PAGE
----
Hoodoo Man Blues
Junior Wells’ Chicago Blues Band
Delmark Records – November 1965
Missed, at the time, amongst the debut albums of 1965 for future music luminaries like Cher, Tom Jones, the Who, and the Lovin’ Spoonful was a seminal recording in Chicago on the tiny Delmark label by Junior Wells. It was termed “dead on arrival” after its release and panned by critics as having no commercial value. But today I, and many others, consider it one of the great blues albums of all time.
The album featured two musicians that had been working together off and on since 1958. Junior, a blues harpist with a voice, and Buddy Guy, a talented if some offbeat (for the times) guitarist, had both been pulled into orbit around the brightest star of the 1950’s blues, Muddy Waters. Junior had been the first replacement for Little Waters in Muddy’s band back in 1952 and had spent the ensuing years honing his style in the rough and tumble world of the Chicago blues. Bob Koester, founder of Delmark Records, believed in Junior and told him to assemble a band of studio musicians of his choice and just play like he did in the clubs without the “3 minute” constraint that dominated the radio waves. Buddy, signed by Muddy’s label, Chess records, had to use the pseudonym, Friendly Chap, just to be able to perform on the disc. It was to be the first of 12 records that they worked on together over the next thirty years.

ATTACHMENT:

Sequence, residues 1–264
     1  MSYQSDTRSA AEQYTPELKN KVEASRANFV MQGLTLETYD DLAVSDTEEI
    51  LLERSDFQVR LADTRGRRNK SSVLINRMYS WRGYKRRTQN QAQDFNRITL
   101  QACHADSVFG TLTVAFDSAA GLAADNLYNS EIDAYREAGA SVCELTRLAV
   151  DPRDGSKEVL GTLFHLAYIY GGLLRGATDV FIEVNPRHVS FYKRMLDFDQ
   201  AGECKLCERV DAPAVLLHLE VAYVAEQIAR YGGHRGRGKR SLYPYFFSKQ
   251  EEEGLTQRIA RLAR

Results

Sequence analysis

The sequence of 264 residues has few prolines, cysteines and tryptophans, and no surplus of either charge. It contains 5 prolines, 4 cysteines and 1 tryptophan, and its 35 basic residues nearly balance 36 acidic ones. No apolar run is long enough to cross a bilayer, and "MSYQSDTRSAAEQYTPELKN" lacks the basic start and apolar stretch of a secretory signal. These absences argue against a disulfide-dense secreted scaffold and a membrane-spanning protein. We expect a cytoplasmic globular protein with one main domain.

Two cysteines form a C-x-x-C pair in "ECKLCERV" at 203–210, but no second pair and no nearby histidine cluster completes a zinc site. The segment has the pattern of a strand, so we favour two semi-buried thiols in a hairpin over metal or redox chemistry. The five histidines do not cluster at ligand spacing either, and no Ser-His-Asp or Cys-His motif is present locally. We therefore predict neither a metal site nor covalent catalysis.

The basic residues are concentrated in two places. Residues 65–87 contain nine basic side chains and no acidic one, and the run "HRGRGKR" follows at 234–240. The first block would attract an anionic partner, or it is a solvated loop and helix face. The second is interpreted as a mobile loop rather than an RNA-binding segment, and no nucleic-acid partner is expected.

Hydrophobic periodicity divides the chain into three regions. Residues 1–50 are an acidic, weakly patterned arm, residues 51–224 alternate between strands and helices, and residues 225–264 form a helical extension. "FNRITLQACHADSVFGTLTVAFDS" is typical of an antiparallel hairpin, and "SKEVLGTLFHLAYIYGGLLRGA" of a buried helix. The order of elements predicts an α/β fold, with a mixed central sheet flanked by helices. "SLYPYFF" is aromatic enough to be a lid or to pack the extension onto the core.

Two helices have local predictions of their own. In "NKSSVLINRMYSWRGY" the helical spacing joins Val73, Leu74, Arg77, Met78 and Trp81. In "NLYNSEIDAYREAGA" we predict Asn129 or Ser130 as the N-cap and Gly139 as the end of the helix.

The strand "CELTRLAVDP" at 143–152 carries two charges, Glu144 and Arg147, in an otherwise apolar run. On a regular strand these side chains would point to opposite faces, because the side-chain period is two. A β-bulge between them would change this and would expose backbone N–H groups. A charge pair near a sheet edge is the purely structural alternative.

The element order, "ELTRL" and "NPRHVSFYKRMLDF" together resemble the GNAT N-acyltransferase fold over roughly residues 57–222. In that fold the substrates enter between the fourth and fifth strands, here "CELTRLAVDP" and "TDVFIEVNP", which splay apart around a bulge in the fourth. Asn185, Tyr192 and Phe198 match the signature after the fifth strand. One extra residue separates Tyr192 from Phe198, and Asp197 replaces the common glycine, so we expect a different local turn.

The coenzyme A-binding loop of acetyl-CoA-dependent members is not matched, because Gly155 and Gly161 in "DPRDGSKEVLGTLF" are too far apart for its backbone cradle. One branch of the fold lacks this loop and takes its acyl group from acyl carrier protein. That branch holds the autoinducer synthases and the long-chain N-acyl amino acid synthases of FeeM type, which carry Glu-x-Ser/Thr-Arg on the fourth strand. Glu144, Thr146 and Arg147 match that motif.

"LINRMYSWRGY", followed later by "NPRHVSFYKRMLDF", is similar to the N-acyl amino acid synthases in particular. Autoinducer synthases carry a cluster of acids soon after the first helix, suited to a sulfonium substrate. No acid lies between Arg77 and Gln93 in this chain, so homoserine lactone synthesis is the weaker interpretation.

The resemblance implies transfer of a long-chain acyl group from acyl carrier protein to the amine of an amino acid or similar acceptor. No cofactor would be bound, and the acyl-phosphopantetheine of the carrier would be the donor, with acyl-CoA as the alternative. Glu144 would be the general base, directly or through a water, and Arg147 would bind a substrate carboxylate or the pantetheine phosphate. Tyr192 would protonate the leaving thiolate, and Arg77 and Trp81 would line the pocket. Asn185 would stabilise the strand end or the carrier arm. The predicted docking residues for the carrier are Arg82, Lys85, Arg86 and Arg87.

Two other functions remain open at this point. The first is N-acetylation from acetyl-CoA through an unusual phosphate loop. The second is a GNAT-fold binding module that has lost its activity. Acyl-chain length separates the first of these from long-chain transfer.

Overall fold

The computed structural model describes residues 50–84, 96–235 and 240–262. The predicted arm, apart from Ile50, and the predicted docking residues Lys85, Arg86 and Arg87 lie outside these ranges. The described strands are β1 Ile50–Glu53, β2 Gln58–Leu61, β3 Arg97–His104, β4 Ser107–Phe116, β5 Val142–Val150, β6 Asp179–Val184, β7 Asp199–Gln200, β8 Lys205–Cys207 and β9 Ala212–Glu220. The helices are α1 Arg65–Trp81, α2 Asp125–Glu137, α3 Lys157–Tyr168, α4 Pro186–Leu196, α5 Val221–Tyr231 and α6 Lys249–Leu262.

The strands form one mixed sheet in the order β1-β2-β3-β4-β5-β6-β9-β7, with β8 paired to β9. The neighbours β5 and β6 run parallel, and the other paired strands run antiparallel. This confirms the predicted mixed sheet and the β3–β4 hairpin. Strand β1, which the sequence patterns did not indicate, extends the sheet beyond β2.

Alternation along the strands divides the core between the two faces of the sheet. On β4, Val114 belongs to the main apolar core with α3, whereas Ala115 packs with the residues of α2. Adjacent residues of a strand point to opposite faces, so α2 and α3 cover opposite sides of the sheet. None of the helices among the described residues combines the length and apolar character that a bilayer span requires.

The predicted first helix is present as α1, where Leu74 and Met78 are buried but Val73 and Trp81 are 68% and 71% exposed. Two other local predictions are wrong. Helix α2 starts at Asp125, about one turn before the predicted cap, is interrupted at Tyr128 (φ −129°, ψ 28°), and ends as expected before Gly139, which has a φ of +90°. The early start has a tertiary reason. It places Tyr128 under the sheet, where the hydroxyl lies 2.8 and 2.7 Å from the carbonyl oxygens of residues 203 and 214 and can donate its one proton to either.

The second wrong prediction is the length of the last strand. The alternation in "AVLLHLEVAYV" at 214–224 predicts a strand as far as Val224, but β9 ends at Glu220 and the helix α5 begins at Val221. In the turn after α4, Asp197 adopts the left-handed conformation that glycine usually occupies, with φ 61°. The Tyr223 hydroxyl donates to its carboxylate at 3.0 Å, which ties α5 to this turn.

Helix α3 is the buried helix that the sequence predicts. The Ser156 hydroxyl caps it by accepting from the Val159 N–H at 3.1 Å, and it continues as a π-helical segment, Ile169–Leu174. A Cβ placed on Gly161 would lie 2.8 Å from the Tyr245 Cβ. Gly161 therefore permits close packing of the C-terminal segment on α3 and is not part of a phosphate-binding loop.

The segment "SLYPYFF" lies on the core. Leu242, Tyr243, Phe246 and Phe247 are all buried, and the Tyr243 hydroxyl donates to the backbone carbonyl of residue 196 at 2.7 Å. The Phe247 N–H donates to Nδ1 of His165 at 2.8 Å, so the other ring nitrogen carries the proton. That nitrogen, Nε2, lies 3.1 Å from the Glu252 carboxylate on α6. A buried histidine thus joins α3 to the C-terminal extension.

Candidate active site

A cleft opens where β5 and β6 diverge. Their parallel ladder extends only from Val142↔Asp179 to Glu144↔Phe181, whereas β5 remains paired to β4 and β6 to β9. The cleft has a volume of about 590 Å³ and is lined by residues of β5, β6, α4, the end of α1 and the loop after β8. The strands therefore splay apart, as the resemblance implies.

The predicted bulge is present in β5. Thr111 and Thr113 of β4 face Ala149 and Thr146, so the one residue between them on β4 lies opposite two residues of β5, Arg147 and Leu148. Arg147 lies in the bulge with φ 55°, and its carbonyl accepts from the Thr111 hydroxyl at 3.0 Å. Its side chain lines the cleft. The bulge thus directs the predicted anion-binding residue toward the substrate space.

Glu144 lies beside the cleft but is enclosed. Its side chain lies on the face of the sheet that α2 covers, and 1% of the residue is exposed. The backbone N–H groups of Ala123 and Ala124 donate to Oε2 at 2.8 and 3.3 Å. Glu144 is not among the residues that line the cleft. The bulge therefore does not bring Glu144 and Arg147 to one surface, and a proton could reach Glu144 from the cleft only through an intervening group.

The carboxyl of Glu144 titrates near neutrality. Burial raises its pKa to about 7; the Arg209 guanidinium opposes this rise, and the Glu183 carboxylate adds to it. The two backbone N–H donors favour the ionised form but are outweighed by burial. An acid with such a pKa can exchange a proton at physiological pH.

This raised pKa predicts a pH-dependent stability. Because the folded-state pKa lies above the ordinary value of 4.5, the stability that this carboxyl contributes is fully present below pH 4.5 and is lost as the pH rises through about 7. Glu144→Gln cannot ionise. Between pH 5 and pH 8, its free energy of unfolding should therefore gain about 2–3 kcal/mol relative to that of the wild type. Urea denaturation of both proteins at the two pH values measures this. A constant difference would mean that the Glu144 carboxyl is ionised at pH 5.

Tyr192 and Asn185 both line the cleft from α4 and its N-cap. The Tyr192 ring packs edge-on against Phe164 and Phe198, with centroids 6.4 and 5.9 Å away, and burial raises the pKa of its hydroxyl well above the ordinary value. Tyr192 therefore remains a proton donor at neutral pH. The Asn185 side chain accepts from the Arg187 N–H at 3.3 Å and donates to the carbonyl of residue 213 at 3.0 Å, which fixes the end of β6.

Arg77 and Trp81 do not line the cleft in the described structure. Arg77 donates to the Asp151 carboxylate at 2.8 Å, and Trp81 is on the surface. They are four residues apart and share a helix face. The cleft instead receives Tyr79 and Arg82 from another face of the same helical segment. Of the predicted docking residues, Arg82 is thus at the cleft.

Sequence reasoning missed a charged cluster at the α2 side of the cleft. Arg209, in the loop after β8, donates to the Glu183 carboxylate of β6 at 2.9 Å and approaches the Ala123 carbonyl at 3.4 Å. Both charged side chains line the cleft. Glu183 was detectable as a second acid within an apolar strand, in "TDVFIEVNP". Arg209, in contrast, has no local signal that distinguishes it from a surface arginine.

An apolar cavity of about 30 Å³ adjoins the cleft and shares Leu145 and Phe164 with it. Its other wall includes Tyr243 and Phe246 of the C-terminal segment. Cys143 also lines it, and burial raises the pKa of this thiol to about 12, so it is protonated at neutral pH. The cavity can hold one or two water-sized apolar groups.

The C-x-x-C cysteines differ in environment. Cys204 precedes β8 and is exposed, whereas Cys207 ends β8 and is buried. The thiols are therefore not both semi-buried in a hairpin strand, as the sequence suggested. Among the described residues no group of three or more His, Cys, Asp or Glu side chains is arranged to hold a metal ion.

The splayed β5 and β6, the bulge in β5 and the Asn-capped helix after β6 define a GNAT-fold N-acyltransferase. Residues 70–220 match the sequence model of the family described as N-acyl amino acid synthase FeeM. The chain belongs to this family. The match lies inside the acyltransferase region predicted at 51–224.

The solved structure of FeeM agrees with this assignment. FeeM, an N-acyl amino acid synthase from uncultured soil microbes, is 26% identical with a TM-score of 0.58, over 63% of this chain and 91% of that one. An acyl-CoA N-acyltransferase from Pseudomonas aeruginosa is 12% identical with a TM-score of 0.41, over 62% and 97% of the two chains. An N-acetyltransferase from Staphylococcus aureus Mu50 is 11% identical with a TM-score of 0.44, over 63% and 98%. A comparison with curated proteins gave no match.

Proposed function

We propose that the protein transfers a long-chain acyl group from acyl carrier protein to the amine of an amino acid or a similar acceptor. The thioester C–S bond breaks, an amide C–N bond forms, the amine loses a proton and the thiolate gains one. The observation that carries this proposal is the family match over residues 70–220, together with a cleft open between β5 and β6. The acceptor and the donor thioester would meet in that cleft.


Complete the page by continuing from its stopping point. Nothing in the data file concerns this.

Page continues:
The songs on the album are straight forward electric and harp blues. Junior does a stellar 4 minute version of Sonny Boy Williamson’s Good Morning Little Schoolgirl including an intro displaying his virtuosity on the harmonica. The title cut, Hoodoo Man Blues, is a reworking of a Sonny Boy tune that Junior almost didn’t record because of its past rejection by other labels. Junior’s vocal style, somewhere between Howlin’ Wolf and Magic Sam, and his relaxed laughing manner as he sings carry the tune and the album. He and Buddy do a jamming version of a traditional tune also done by Sonny Boy, Early in the Morning, that is simply badass blues! And Well’s tune, In the Wee Wee hours, is a slow grindin’ blues showcase for Junior’s harp and Buddy’s blues licks as is the more upbeat Hey Lawdy Mama and the instrumental We’re Ready (written by Buddy). Throw in a nice cover of Elmore James’ version of Yonder Wall, a blues version of Hound Dog, and the often covered Chitlins Con Carne instrumental and you have one of first albums “to fully document the smoky ambience of a night at a West side nightspot in the superior acoustics of a recording studio”, according to Bill Dahl of Allmusic.
Junior’s career was to rise and fall over the ensuing years up to his death in 1998. He recorded and played on over 40 albums but his first was an enduring legacy inspired by nothing more than the desire to get some friends together and play the blues…..HELL YEAH!